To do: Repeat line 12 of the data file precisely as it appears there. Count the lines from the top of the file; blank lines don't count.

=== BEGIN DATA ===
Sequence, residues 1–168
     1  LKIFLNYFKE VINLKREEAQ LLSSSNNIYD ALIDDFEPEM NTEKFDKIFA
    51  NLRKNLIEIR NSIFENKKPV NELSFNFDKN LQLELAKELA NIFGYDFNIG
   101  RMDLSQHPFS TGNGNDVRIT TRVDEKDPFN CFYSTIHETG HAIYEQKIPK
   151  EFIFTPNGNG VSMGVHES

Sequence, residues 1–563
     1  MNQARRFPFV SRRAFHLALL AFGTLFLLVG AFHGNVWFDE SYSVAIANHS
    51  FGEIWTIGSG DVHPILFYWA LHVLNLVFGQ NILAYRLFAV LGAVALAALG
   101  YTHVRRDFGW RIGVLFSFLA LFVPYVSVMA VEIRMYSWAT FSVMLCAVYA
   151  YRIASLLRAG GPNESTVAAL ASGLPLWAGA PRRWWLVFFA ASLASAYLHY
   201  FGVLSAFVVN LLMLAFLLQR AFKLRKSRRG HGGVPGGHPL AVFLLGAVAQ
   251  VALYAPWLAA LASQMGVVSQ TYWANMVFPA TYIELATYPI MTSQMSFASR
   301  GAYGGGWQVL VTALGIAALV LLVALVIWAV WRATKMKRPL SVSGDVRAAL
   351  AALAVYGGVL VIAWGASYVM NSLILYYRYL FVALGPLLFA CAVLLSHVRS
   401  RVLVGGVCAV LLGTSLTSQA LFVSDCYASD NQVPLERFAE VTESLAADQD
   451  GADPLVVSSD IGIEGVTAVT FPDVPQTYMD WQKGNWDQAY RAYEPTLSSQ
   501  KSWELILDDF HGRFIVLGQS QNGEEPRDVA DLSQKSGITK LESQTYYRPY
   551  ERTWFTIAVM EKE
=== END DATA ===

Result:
   251  VALYAPWLAA LASQMGVVSQ TYWANMVFPA TYIELATYPI MTSQMSFASR